December 2018 Archives

Sexual harassment initiative pursued by entertainment unions

The #MeToo movement has drawn increasing attention to the problem of workplace sexual harassment in Nashville and across the country. The entertainment industry, from music to movies, has been a particularly significant target of the campaign as serious examples of sexual assault have been revealed in a number of reports, lawsuits and personal stories shared on social media. As a result, several large labor unions in the industry have come together to create a pledge against sexual harassment.

Know the difference: Joking or harassment?

In the workplace, women (and sometimes men) are vulnerable to harassment from employees, third parties and even their bosses. It is a sad reality that many people have to worry about what they say or do each day, just so that they can avoid awkward or potentially dangerous situations with others.

Sexual harassment scandal prompts television network grants

Television viewers in Tennessee and across the country have raised concerns about CBS' record on sexual harassment, and the company is responding as a result. After the former chairman and CEO of the network, Les Moonves, was fired from his position after a series of harassment complaints, the network has announced $20 million in gifts to organizations fighting discrimination against women in the workplace. The network said that the donations are meant to support the organizations' work and highlight the network's commitment to bolstering an anti-harassment culture in the workplace.

Watch for warning signs of distraction in vehicles near yours

Distraction leads to a large number of motor vehicle accidents every year. There is no clear statistic on exactly how many crashes distraction actually causes. Statistics regarding the reason for a collision typically rely on eyewitness reports or self-reported behavior from those involved in the crash. Many individuals are loath to admit that distraction played a part in a collision.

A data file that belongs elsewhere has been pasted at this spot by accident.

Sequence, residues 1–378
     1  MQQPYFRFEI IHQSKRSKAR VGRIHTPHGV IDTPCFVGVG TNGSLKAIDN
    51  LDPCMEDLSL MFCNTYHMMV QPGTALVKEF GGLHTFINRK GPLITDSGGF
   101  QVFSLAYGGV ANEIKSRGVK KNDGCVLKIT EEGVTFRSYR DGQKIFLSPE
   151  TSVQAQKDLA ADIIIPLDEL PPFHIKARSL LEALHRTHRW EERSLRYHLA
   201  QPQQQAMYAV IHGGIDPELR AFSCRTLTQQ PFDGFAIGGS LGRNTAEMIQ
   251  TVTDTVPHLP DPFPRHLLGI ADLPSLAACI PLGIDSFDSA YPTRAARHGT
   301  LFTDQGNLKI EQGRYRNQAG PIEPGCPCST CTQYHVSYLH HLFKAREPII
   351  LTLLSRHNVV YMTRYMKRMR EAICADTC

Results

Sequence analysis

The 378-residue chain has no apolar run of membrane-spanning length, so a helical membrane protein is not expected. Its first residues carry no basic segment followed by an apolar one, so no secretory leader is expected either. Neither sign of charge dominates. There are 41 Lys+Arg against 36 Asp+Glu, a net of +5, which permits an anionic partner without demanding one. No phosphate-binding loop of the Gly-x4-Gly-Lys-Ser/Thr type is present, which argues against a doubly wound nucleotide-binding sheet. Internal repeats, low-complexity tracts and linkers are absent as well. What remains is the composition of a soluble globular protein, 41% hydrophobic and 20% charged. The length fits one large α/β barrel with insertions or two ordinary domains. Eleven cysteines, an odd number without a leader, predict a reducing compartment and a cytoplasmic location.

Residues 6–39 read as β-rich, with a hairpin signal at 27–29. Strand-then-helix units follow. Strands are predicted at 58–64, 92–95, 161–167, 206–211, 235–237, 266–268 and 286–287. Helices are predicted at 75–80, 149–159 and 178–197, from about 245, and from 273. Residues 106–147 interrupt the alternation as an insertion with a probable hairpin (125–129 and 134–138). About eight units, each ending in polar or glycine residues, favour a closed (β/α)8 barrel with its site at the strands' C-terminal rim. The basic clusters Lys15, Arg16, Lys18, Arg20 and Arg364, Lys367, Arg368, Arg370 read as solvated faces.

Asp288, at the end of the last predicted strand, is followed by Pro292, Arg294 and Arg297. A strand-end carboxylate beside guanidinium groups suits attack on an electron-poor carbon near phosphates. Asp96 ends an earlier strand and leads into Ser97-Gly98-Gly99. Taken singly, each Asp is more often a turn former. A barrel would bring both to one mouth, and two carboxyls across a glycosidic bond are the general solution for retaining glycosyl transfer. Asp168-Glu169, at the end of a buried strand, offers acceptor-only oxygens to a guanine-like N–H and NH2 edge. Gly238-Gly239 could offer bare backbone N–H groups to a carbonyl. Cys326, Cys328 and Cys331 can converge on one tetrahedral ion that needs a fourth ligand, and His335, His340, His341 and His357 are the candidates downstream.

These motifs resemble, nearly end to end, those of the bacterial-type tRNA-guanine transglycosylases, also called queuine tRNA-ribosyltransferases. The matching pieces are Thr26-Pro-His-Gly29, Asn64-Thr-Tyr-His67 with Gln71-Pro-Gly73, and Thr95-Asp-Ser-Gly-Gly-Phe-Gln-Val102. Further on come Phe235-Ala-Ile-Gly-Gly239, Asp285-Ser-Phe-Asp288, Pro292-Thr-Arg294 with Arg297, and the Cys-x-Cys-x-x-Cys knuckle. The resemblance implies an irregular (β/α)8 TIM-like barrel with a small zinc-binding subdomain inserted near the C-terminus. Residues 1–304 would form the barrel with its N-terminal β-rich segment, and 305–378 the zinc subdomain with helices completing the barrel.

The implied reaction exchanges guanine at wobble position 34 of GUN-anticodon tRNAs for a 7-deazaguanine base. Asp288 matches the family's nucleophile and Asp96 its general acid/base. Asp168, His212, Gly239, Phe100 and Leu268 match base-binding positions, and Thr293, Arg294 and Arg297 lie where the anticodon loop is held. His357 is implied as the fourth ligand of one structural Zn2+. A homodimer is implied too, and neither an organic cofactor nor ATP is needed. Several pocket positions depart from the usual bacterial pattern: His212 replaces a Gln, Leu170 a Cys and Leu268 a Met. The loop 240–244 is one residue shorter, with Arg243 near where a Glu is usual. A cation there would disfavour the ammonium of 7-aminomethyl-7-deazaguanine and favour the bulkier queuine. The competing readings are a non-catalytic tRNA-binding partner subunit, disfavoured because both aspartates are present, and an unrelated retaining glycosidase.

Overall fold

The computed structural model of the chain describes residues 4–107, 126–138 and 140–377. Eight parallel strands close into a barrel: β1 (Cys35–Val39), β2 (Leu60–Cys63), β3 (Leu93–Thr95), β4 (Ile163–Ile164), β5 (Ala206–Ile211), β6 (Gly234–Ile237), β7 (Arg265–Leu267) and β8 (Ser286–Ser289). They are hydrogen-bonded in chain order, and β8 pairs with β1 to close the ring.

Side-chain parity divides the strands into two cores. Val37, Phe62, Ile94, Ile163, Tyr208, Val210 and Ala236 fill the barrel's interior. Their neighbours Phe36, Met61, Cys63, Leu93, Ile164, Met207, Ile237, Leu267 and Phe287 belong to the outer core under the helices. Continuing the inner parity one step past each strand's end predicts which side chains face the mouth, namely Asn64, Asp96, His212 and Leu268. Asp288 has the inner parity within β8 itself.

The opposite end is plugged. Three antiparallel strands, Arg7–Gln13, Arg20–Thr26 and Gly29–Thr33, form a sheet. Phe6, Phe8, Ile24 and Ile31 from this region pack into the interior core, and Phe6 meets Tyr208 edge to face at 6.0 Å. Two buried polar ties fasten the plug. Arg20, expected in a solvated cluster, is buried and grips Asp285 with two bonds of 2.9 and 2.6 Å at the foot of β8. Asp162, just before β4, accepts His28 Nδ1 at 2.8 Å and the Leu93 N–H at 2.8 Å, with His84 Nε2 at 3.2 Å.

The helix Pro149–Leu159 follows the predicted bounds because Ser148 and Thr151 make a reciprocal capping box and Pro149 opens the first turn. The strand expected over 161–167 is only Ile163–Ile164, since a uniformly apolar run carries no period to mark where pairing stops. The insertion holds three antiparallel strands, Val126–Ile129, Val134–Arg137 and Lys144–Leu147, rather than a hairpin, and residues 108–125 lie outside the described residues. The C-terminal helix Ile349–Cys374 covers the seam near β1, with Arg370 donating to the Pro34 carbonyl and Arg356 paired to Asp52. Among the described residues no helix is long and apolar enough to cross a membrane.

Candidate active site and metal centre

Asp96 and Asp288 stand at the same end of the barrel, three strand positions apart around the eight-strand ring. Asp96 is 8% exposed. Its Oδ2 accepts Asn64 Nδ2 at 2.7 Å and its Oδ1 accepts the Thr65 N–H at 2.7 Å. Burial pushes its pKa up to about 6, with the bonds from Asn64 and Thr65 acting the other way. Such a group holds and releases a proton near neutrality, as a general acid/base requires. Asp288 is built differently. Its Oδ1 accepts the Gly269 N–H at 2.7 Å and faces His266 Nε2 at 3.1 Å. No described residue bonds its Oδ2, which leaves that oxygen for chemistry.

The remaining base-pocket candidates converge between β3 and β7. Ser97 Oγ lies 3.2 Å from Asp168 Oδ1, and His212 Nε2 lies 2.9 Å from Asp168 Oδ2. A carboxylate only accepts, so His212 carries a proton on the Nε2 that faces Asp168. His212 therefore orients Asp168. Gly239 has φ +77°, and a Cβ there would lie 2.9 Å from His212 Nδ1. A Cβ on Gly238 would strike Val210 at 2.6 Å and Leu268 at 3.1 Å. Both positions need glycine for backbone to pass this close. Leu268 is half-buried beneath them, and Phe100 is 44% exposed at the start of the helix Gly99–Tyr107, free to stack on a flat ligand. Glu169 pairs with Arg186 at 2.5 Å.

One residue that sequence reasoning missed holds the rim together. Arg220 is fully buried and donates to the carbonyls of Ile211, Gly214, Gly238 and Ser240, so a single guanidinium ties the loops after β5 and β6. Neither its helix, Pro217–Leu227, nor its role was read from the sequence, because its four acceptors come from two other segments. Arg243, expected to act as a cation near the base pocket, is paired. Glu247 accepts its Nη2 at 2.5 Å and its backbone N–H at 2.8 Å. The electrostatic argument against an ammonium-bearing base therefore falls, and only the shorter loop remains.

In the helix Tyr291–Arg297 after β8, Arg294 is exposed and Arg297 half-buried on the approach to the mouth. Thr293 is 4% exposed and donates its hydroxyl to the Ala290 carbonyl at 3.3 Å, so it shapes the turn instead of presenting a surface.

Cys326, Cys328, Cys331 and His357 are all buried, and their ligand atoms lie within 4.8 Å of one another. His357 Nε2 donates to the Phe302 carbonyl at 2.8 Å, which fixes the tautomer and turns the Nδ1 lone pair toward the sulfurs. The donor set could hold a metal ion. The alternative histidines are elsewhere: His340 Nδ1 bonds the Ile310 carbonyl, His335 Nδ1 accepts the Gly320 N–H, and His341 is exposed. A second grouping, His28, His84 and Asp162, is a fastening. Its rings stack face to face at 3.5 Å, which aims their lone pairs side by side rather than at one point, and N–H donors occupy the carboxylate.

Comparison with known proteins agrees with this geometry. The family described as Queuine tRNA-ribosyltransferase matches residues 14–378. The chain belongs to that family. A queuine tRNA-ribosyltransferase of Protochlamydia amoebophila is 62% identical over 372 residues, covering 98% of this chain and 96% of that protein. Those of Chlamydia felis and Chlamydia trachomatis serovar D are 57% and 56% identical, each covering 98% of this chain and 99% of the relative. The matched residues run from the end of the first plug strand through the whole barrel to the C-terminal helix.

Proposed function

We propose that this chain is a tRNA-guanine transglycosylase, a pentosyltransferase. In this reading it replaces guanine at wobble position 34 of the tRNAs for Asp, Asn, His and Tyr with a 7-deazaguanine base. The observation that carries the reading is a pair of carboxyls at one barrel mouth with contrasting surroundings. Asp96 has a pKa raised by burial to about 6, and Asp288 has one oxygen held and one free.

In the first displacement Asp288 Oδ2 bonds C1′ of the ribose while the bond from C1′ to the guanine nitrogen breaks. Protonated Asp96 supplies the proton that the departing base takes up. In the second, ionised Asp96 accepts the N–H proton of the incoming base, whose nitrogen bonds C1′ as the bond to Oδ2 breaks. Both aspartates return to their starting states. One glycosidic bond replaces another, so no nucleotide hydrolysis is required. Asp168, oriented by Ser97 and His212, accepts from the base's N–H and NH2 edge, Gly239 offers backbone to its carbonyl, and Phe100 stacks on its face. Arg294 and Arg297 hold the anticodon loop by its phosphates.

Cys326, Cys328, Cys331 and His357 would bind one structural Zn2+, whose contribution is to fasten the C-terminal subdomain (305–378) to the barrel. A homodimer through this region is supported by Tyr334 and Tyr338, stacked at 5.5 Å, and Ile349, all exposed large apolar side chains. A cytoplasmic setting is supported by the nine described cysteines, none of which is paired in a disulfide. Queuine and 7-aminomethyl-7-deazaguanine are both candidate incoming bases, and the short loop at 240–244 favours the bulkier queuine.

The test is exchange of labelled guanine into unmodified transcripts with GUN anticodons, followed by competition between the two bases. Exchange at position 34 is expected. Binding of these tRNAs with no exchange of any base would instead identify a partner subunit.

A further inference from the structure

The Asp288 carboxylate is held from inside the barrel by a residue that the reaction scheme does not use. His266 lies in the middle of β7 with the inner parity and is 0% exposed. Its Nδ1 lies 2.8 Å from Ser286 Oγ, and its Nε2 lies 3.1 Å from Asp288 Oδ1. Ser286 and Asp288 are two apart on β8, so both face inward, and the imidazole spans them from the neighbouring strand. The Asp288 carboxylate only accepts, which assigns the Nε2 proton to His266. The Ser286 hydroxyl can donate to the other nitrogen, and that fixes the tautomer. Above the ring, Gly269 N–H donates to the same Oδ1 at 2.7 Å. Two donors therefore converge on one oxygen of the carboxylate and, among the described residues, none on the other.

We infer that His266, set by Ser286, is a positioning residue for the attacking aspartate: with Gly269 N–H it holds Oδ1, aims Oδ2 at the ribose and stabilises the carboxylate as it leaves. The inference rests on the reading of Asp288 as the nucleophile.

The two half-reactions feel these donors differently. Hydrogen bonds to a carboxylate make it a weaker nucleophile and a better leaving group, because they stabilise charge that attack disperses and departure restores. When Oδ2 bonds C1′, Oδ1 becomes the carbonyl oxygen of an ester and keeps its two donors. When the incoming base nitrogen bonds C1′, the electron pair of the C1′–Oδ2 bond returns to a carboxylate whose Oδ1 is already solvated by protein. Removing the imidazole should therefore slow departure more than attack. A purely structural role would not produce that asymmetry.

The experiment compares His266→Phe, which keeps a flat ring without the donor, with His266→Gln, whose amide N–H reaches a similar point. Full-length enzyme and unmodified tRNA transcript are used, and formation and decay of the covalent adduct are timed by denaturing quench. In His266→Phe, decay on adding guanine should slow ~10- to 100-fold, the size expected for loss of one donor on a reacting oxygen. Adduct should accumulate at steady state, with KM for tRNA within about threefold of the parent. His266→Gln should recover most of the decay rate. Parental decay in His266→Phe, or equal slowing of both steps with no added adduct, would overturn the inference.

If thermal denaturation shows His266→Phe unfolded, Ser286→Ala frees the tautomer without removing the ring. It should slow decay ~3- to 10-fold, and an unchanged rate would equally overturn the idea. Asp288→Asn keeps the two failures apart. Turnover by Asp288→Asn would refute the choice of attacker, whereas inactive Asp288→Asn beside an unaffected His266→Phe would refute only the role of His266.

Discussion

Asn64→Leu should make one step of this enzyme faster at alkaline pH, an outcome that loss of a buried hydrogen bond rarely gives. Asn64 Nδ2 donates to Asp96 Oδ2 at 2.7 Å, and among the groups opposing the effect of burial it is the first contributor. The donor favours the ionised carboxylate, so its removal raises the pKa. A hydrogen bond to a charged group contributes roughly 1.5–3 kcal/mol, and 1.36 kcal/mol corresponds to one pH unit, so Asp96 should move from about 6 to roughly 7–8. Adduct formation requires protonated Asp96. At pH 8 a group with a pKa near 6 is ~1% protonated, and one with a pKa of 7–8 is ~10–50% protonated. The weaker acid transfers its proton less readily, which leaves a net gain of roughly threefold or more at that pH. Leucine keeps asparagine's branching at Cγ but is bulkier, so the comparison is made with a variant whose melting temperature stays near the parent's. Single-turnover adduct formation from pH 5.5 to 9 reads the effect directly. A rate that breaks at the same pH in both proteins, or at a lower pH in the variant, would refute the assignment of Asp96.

Not all sexual harassment cases get reported

Workplace harassment that takes place in Tennessee and other states is likely to go unreported. If it does get reported, it may mean negative consequences for the person who did so. This was the takeaway from an analysis of harassment charges brought to the Equal Employment Opportunity Commission and similar state agencies from 2012 to 2016.

What the law considers unpaid wages

When employees in Tennessee work for an employer, they must be paid. The pay must come on a regular schedule, and in some cases, overtime wages are required. Workers are advised to check their pay stubs and tax documents to ensure that they have received the wages that they are entitled to. There are many ways in which an employer could try to avoid paying an employee.

Sexual harassment is often in the eyes of the beholder

Anyone in the workplace, either employer or employee, would find it difficult to suggest they are not aware of sexual harassment. Many resources for training and education have been expended in this area. Yet the problem still exists. Whether it's unwelcome sexual advances or creating a hostile, intimidating or offensive work atmosphere, sexual harassment is all too common throughout Tennessee and the rest of the U.S.

Signs of workplace racial discrimination

Employers are not allowed to discriminate against employees or potential employees on the basis of race, religion, gender, sexual orientation or disability. Some signs of racial discrimination are surprisingly apparent, but in many cases, the signs are subtler.

L'Oreal to face workplace discrimination suit

Tennessee residents who are concerned about workplace discrimination should be aware that L'Oreal has been sued for racial discrimination and creating a toxic work environment. This incident provides an example of what could happen if a company neglects to address claims of discrimination internally.

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